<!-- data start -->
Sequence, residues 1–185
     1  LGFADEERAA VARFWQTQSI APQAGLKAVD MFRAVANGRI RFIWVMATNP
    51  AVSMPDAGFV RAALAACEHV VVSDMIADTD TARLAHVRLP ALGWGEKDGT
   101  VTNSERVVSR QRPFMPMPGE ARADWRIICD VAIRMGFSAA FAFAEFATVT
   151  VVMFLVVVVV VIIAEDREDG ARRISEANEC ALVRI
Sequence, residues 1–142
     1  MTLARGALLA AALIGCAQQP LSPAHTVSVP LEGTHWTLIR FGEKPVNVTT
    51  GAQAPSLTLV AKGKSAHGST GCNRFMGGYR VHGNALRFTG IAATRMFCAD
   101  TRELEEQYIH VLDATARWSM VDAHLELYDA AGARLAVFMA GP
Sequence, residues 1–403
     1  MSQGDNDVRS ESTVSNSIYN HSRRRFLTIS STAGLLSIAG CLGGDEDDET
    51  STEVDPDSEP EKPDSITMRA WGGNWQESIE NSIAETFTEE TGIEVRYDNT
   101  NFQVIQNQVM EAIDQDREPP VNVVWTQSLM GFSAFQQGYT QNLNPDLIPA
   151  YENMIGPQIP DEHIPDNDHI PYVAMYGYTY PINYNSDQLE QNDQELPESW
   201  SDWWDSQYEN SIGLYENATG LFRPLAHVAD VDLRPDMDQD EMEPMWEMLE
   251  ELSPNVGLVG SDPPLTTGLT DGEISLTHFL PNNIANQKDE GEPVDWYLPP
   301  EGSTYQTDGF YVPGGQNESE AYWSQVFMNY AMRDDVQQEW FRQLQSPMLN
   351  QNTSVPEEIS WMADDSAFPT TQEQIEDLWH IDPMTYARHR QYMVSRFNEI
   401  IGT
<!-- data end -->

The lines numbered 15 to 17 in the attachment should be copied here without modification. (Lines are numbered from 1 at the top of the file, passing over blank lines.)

   201  SDWWDSQYEN SIGLYENATG LFRPLAHVAD VDLRPDMDQD EMEPMWEMLE
   251  ELSPNVGLVG SDPPLTTGLT DGEISLTHFL PNNIANQKDE GEPVDWYLPP
   301  EGSTYQTDGF YVPGGQNESE AYWSQVFMNY AMRDDVQQEW FRQLQSPMLN